If there were any doubts before the season started, they’ve quickly been dispelled: Carlo Ancelotti is the right man to take Everton forward.
While the Italian manager may not have had the easiest of starts last season, coming into a fractured squad midway through a tough campaign, hard work and patience has started paying off as the Toffees got off to a fantastic start this time around.
Top of the Premier League at one point, Everton’s form might have dipped a bit over the past couple of games, but there’s no denying the mood has been lifted at Goodison Park, and it’s mostly down to Ancelotti.
When he first arrived, there was an air of disbelief on the blue side of Liverpool, as few would have expected such an iconic manager to take over from Marco Silva, especially with names such as Mikel Arteta also doing the rounds.
But, for the manager itself, it was a no brainer, as he explained in an interview with France Football.
He said: “My arrival was the result of a mixture of things. I only was in contact with Everton after being fired from Napoli. The day after I was dismissed, I got a phone call from Everton, who had been looking for a manager for a couple of weeks. I wanted to continue to work, and the idea was to come back to the Premier League. Everton were giving me that chance”.
Unlike Real Madrid, Paris Saint-Germain or even Bayern Munich, the expectations aren’t about regularly winning titles at Goodison Park, but for the team to be strongly competitive in all games and perhaps even the hope of European qualification when the season comes to a close.
Last in the Premier League while in charge at Chelsea in 2011, Ancelotti admits England’s top-tier has changed a bit, notably in the strength of the teams in the bottom half of the table.
He said: “All the team try and build from the back, especially the centre-backs. Technically, I feel the defences have improved. They take more risks in attack and that translates in getting the ball higher up the pitch. There are more goals coming from a high press. It creates more energy in a more advanced section of the field”.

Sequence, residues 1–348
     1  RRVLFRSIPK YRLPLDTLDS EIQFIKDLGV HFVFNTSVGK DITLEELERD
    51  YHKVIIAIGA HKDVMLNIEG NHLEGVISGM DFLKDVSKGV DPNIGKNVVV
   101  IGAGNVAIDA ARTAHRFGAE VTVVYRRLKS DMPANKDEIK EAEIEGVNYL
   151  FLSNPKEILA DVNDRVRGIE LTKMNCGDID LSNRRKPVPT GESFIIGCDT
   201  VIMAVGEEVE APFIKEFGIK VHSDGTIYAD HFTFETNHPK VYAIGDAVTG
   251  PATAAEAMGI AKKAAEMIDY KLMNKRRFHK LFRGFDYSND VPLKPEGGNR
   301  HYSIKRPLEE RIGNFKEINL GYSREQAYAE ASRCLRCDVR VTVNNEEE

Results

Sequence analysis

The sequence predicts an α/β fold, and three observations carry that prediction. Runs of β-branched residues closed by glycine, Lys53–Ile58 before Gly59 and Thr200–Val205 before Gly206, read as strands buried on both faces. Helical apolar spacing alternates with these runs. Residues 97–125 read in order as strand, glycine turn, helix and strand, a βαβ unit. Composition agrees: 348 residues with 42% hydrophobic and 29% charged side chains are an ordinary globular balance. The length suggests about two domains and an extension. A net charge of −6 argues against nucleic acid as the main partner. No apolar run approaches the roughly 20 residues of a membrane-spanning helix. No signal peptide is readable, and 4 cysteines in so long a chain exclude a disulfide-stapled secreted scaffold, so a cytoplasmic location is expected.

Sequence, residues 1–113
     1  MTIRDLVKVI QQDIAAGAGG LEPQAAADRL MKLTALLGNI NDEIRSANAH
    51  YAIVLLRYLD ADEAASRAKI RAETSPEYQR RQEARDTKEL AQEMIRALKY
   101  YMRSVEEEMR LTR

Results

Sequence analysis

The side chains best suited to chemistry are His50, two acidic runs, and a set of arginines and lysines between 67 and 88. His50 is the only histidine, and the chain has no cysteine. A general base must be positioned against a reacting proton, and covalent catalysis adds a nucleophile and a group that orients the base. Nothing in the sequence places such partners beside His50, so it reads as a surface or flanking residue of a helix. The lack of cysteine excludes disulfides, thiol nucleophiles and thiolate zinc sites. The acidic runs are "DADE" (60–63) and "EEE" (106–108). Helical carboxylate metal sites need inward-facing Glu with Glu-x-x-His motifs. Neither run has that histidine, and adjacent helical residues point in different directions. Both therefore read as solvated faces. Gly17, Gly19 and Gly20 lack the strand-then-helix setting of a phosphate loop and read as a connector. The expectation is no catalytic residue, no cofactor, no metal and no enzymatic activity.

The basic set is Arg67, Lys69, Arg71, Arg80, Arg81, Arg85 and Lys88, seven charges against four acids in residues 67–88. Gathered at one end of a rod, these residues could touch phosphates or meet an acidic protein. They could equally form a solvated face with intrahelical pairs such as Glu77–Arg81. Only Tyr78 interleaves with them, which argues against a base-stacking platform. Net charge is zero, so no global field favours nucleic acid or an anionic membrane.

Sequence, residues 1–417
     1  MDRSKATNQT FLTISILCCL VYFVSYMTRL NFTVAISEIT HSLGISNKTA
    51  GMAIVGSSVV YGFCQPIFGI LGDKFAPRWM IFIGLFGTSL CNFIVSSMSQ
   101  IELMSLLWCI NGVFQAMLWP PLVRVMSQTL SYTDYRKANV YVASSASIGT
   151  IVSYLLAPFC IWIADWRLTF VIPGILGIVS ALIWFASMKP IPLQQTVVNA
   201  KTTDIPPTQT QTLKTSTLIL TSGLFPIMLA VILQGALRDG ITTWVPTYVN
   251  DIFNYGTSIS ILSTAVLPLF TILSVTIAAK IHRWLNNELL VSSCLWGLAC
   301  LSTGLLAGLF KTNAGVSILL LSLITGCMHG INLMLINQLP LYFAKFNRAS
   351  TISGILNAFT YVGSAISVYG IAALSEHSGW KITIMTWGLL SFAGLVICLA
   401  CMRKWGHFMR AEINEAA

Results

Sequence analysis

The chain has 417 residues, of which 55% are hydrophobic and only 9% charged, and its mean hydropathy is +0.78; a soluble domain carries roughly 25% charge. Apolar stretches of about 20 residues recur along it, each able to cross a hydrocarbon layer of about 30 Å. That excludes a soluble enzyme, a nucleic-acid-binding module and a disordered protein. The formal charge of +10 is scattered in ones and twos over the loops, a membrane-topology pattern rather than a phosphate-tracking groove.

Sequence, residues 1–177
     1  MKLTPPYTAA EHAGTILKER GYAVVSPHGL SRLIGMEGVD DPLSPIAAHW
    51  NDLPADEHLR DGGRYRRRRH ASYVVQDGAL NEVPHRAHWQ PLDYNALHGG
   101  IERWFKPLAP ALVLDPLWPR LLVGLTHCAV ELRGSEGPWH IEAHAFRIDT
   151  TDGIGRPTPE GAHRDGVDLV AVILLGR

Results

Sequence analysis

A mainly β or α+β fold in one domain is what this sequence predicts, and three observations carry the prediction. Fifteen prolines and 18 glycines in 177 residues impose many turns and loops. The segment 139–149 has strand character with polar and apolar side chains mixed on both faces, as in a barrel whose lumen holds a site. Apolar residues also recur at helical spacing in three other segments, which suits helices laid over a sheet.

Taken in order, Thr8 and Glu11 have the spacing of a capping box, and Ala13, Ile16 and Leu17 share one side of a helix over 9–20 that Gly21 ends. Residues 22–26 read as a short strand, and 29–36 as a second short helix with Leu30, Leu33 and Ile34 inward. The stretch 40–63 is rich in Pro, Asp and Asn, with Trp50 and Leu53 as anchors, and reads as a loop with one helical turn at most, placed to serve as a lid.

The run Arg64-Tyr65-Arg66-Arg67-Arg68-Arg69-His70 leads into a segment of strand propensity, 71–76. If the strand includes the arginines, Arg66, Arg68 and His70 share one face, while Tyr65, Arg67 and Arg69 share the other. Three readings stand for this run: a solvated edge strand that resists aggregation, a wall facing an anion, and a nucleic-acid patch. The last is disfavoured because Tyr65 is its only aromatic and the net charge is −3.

Asked if it was harder to do that at Everton than at, let’s say, Real Madrid or Bayern Munich, Ancelotti replied: “Regardless of the club, you have to take into account the history and tradition. In Milan, they were based on technical ability, so the clubs tried to bring players fitting that criteria. At Everton, the fans are very attentive at the players’ behaviour on the pitch. They want to see them fight. That’s something you need to take into account”.
His arrival at Goodison Park also allowed the club to attract a different type of player than what Toffees fans were used to in the past, with the likes of Allan and James Rodríguez moving to England to play under their former manager.
Regarding the Colombian, Ancelotti used him as the perfect example on why statistics aren’t the be all and end all when it comes to football.
He said: “We use them, especially in training, but I’m going to tell you something: when I signed James this summer, everyone was worried about his physical state and to see how he’d cope with the intensity of the Premier League. During the first four games, do you know how many times he shrined? Seven! He’s got more assists and goals than he did sprints. So what are we talking about? Of what we expect a player to do on the pitch?
“When I was at Milan, we brought in Ronaldo. At his arrival, he weighed 100kg. Before the first game, I told him: ‘You know I can’t play you. You need to lose weight’. He replied ‘What do you want me to do on the pitch? Score or run? If it’s to run, put me on the bench, if it’s to score, play me!’. I played him. He didn’t run, but he scored two goals. For James, it’s the same thing”.